1 cf. Reece, R., ‘Numerical aspects of Roman coins hoards in Britain’, in Casey, J. and Reece, R. (eds.), Coins and the Archaeologist (1988), 86–101, at 95–6.
2 For differential ‘wastage', see Volk, T.R., ‘Mint output and coin hoards’, in Depeyrot, G., Hackens, T. and Moucharte, G. (eds.), Rhythmes de la production monetaire, de l'Antiquité à nos jours Actes du Colloque International organisé à Paris du 10 au 12 janvier 1986, Numismatica Lovaniensia 7 (1987) 141–221, at 147–55.
3 A selection of the evidence is given in Volk, T.R., La Donazione Chiellini, 1883–1983: i rinvenimenti monetali da Santo Stefano ai Lupi, (Museo Civico ‘Fattori, G.’) (1983), 100–1.
4 cf. Crawford, M.H., ‘Plated coins – fake coins’, NC7 8 (1968), 55–9, at 55.
5 The sample was drawn from the ‘Pompeii’ reports in Notizie degli Scavi, 1911, 1912, and 1913; ‘hoards’, purses, and other accumulations were ignored, ft cannot be excluded that the difference in the occurences of quadrantes among the finds from Pompeii and from Minturnae is due to archaeological method, though the systematic excavation at the latter site might be thought to have favoured a fuller recovery of the material. In any case, the picture at Minturnae is generally confirmed by the Luni excavations and, to a more limited extent, by those at Ordona.
6 The term ‘closed’ is to be understood here in a purely descriptive sense and not prescriptively, as in the case of the imperial province of Egypt.
7 Kraay, C.M., ‘The behaviour of early imperial countermarks’, in Carson, R.A.G. and Sutherland, C.H.V. (eds.), Essays in Roman Imperial Coinage presented to Harold Mattingly (1956), 113–36, at 119.
8 Giard, J.-B., ‘Le pèlerinage gallo-romain de Condé-sur-Aisne et ses monnaies’, RN 116 (1969), 62–97.
9 W. follows Hill, ‘The dating and arrangement of Hadrian's ‘COS III’ coins of the mint of Rome’, in dating this and the following issue; more generally, the ‘Britannia’ asses belong to the series of A.D. 119–120/1 (cf. Etienne/Rachet, note 11 below, 184–203) and the ‘Salus’ asses to the series of A.D. 128–9 (ibid, 245–52).
10 Carradice, I. and Cowell, M., ‘The minting of Roman imperial bronze coins for circulation in the East: Vespasian to Trajan’, NC 147 (1987), 26–50
, at 28 and 38–43; and J. van Heesch in RBN 1989 (not seen).
11 BMCRE iii 1095, pl. xlv.4; BMCRE iii 1098 (‘legend obliterated’); Fitzwilliam Museum 1913–44; Étienne and Rächet, Le trésor de Garonne, pl. xxvii, 1902–4; FMRL iii, pl. xi, 44 (from Tetelbierg); Metcalf, , ANSMN 22 (1977), pl. viii, 5; and Walker, Temple of Sulis Minerva, pl. xxx, 13 (for references, see Walker, p. 336, nn. 22–5, and p. 338).
12 Etienne/Rachet, op. cit. (note 11), pl. xxvii, 1904. Note, however, that the most worn specimen (1903) also shows the countermark in its poorest state.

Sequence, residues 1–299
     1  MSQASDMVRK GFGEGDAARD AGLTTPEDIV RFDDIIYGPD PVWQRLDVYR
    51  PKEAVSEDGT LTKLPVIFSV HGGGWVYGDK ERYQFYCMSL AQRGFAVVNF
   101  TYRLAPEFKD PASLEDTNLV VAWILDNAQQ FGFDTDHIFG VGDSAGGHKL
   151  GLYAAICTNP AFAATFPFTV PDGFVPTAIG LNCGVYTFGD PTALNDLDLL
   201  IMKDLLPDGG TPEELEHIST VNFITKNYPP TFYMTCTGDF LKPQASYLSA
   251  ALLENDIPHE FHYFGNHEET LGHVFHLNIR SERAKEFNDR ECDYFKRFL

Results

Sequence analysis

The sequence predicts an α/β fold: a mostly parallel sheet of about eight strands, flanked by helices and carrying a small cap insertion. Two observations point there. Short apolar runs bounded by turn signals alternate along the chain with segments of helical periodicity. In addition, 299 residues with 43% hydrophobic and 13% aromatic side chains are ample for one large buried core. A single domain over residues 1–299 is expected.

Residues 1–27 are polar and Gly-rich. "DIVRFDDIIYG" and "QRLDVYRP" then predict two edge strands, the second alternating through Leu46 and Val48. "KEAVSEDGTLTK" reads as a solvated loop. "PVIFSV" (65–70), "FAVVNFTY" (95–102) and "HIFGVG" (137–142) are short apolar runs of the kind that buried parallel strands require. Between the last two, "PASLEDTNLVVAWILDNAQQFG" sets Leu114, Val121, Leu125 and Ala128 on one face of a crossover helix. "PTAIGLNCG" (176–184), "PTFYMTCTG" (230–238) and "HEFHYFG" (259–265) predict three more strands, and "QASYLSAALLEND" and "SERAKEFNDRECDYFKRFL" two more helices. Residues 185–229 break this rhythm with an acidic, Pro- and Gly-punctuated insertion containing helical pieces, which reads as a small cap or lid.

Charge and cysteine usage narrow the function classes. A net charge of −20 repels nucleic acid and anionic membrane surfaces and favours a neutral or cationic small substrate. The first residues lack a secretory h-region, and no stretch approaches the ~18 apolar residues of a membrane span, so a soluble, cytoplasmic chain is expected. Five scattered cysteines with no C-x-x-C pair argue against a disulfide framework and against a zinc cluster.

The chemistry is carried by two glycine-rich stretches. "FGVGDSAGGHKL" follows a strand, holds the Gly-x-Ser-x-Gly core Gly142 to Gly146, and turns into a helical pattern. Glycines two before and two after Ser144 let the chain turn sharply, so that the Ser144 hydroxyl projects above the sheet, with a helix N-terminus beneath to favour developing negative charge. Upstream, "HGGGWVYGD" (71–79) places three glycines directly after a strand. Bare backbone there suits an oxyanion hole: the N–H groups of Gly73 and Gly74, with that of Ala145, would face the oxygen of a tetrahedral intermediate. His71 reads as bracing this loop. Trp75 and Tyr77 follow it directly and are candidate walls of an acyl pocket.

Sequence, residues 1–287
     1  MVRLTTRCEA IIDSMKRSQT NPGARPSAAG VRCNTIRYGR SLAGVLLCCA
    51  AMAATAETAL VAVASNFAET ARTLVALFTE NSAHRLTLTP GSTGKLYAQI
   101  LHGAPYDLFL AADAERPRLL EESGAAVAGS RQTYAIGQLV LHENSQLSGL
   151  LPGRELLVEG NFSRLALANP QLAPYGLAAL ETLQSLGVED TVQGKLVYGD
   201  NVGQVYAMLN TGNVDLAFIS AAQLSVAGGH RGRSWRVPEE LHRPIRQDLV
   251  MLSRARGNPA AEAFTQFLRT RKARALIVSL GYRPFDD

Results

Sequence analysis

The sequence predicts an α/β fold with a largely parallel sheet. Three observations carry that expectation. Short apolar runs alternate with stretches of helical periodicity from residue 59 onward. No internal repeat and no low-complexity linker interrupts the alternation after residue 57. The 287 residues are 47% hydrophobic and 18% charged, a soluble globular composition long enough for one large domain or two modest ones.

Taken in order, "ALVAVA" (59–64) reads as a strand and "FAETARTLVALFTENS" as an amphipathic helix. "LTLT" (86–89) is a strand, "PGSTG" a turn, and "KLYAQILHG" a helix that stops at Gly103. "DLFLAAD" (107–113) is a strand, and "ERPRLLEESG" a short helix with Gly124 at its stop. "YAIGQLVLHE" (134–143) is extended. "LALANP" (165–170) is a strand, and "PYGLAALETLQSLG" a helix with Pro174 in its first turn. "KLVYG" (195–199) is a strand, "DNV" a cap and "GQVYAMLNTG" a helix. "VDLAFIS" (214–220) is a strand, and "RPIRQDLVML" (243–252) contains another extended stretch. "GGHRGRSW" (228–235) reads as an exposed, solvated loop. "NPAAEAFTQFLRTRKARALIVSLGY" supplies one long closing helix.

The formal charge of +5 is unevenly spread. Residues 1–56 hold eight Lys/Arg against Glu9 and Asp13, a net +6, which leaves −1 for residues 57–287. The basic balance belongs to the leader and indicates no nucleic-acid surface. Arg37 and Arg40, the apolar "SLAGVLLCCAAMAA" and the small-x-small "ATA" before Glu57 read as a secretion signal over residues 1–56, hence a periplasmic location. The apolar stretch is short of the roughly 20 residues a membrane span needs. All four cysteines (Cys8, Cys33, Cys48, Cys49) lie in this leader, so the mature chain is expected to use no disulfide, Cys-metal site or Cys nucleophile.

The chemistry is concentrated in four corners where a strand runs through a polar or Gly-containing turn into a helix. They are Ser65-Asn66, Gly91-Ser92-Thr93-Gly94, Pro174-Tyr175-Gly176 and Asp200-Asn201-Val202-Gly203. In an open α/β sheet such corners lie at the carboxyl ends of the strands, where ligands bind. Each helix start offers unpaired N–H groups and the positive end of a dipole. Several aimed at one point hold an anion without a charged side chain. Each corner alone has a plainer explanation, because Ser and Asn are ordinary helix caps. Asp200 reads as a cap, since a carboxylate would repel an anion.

13 For the diffusion of the countermarked pieces, see Howgego, C.J., Greek imperial countermarks (1985), 294, no. 294.
14 Hill, op. cit. (note 9), places this issue in AD 122 on the grounds that the type refers to vows undertaken for Hadrian's safe return to the city of Rome; it belongs within the series of A.D. 120/1–3 (cf. Étienne/Rachet, op. cit. (note 11), 224–9).
15 Compare a ‘regular’ dupondius of this issue in Glasgow (HCC ii, pl. xxxi, 382) and a copper as from Bath (pl. xxxi, 45), both of a module close to that of W's ‘medallic’ specimen.
16 For a ‘corrected’ coin, see an overstruck orichalcum dupondius of P. Carisius (RIC 12 lib) in the Fitzwilliam Museum (Bunn 235–1950), the under-type of which is of the copper as of the same issue.
17 For this possibility, see now also Boon, G.C., ‘Counterfeit coins in Roman Britain’ in Casey, J. and Reece, R. (eds.), Coins and the Archaeologist2 (1988), 102–88, at 164, n. 140.
18 Crawford, M.H., ‘Finance, coinage and money from the Severans to Constantine’, ANWR 2, 2, 560–93, at 563.
19 The following summarises an argument developed in T.R. Volk, Revenue and coinage: problems of the Augustan principáte (RNS paper 1979).
20 cf. C.M. Wells, The German Policy of Augustus: an Examination of the Archaeological Evidence (1972), Table I at p. 268.
21 Carradice/Cowell, op. cit. (note 10), 29 and 43–6 (‘Commagene A’).
22 D.B. Waage, Antioch-on-the-Orontes, 4.2. Greek, Roman, Byzantine and Crusader Coins (1972), no. 1008; 2 pieces in the name of Tiberius.
23 Tiberius: BMCRE (3), Fitzwilliam Museum (6), HCC (0); Flavian: BMCRE (12), Fitzwilliam Museum (10), HCC (6).
24 The attribution of a second issue (BMCRE ii 893, p. 221, † & ‡, and p. 432), dated to A.D. 77/8, to Commagene is unproven; cf. Carradice/Cowell, op. cit. (note 10), 29 and 43–6 (‘Commagene B’).
25 Dated by BMCRE ii to AD 73, the year in which Domitian became COS II. It is, however, unlikely that the coinage began with an issue in the name of the junior prince, and a date during the following year before Domitian's designation as COS III is probable (see, in general, Buttrey, T.V., Documentary Evidence for the Chronology of the Flavian Titulature, Beiträge zur Klassischen Philologie 112 (1980), 33.
26 I owe this point to Miss J.M. Reynolds; cf. H. Mattingly's suggestion in BMCRE i, cxli, that the Tiberian coins were struck in honour of the province's annexation. But the picture from Commagene remains that of two one-off issues which, whether produced locally or at Rome, were distinguished by type-content (especially the absence of the S C formula) from the general Roman currency, unlike the groups designated as ‘special [British] inputs’ by W.
27 For a recent survey of the various formulae, see Cowell, M.R., ‘The application of chemical spectroscopie and statistical methods of analysis’ in Price, M.et al. (eds.), A Survey of Numismatic Research 1978–1984 2. Oriental Numismatics, Medals and Scientific Techniques (1986), 1022–40, at 1030–2.
28 The emended totals are: before c. A.D. 260: 7, 586; 260–96: 1945; 364–388: 264.